Ryder Cup absence has 'fuelled the fire' for Casey
Back in the European fold for this week's EurAsia Cup, Paul Casey is desperate to qualify for the Ryder Cup after not featuring in the prestigious contest for almost a decade.
The Englishman made his Ryder Cup debut in Europe's 2004 victory at Oakland Hills and helped the team retain the title two years later at the K Club near Dublin.
His most recent appearance came in a defeat to the United States at Valhalla in September 2008.
Casey failed to qualify automatically and was overlooked by Colin Montgomerie for a captain's pick in 2010 and has not featured since.
He was not eligible for the 2016 event after giving up his European Tour membership to focus on the PGA Tour, but the 40-year-old has now reversed that decision as he targets a place on the team at Le Golf National outside Paris in September.
"Watching the Ryder Cup and not being a part of it, and knowing I couldn't be a part of it, was one of the toughest things. But it also fuelled the fire and I want to be back involved," Casey told Sky Sports.
"There's all the stuff that happens off the course, all the friendships you build in the team room, all the funny moments, and stressful moments, it's the fabric that makes your career.
"I've got a very good Ryder Cup record, and a very good match play record, I've only ever lost two matches in a Ryder Cup. I'm very proud of that, and I've desperately missed it, and I want to play another one. I want my wife to be there, my kids to be there, to see how cool it is.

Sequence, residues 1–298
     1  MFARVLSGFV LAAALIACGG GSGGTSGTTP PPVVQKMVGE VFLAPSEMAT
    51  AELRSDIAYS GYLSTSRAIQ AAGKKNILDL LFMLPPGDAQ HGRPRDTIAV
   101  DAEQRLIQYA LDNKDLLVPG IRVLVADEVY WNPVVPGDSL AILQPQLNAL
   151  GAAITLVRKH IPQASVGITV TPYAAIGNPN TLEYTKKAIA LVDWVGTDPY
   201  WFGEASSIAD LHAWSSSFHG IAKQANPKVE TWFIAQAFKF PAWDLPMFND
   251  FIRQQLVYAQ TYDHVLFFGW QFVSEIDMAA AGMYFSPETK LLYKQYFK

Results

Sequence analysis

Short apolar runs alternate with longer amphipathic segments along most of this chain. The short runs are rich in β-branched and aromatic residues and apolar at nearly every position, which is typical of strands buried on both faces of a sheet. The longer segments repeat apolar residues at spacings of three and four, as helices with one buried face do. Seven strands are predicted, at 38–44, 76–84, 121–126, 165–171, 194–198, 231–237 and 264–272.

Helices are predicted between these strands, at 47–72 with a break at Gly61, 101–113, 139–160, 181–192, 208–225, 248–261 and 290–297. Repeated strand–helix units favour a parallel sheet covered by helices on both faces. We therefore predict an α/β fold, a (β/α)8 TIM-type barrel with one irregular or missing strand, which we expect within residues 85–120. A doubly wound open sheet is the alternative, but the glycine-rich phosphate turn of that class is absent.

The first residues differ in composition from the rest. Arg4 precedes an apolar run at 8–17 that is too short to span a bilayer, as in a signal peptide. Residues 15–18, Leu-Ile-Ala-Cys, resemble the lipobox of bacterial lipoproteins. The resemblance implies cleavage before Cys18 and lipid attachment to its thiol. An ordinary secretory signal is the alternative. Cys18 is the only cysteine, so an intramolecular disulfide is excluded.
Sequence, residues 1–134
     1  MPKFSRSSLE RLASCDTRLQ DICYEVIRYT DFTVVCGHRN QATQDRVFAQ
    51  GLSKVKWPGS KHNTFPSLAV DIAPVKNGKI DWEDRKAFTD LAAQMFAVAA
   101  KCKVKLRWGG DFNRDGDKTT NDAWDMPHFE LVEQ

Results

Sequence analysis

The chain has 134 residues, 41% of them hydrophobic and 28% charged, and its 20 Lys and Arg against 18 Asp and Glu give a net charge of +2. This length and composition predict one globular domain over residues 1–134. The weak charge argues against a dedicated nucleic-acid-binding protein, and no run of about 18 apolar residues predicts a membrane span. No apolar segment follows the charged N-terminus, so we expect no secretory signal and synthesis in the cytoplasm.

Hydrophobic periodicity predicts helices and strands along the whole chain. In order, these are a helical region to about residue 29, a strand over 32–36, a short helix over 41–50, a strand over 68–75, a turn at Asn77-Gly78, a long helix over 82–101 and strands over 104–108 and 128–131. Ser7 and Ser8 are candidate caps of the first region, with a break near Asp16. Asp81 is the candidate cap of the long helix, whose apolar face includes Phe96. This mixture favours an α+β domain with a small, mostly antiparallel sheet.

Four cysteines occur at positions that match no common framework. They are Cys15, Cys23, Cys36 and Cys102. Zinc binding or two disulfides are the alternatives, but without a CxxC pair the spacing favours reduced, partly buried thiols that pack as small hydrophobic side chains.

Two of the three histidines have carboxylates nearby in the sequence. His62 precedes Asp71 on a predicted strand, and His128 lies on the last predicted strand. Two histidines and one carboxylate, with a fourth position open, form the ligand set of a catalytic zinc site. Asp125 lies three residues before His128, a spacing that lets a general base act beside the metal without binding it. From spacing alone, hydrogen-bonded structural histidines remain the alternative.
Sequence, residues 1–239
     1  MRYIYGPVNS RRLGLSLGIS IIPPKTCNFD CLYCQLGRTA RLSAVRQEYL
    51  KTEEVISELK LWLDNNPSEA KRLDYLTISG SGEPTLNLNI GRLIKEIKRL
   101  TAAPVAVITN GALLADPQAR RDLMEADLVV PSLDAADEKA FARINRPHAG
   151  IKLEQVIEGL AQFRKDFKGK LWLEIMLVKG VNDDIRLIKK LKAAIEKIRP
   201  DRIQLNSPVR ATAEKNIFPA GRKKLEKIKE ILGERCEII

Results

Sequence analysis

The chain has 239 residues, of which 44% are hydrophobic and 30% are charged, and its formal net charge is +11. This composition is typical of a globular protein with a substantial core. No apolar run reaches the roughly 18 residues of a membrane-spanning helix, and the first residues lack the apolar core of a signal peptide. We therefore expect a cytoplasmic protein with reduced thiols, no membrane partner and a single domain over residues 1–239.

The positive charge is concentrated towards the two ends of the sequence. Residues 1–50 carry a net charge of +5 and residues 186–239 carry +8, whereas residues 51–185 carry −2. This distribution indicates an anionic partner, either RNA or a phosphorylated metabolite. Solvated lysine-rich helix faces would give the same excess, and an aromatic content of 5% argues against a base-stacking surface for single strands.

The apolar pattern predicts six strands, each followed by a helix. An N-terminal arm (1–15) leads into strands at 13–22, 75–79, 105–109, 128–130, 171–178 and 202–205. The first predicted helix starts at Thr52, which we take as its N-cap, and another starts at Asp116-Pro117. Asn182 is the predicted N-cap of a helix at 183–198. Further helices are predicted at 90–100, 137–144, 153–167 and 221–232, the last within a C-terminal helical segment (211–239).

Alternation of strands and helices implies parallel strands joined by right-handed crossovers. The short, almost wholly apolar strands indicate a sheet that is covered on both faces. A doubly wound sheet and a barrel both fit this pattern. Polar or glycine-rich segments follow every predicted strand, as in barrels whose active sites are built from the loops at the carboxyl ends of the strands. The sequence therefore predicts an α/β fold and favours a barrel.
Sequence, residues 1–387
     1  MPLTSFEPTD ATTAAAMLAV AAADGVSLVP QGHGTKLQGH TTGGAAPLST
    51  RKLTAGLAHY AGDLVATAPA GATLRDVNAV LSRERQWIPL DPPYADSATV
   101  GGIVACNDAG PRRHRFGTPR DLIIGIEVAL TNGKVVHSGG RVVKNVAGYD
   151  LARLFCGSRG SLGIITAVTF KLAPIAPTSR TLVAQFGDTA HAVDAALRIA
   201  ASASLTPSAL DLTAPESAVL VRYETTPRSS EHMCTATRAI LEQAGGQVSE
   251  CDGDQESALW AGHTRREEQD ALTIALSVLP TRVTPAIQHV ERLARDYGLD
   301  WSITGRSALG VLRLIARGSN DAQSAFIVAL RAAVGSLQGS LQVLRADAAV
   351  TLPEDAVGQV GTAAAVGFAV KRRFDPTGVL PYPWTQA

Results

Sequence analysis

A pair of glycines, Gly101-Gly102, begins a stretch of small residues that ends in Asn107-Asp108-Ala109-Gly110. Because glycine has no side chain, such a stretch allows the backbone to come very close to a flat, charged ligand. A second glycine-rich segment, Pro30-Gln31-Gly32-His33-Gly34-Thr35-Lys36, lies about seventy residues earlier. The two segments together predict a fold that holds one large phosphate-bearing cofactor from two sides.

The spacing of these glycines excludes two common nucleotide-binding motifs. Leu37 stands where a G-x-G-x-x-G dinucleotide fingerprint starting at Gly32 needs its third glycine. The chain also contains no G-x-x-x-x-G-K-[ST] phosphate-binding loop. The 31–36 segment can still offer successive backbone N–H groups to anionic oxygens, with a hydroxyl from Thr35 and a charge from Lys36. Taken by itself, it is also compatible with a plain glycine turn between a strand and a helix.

"I'm very excited about that, and it's just nice now to have a chance. I've genuinely missed the team element and I've missed my friends in Europe, so I'm probably the most excited guy in the team room here, because I've got so much to gain this week."
Casey's omission from the 2010 team was widely criticised, but the world number 14 claims he does not hold it against Montgomerie.
"It hurt a lot," he said.
"But it was disappointing that I didn't do enough, and I didn't play good enough golf to make enough points to make the team.
"I've never questioned the captain's decision in any team event I've played in, whether I was amateur or professional.
"The first time I saw Monty afterwards was in Abu Dhabi the following year, and I congratulated him on the win. He probably had a harder time talking to me than I did to him. I've never had an issue talking to Colin."
Casey is part of the European team, led by Ryder Cup captain Thomas Bjorn, taking on Arjun Atwal's Asia in Malaysia this week.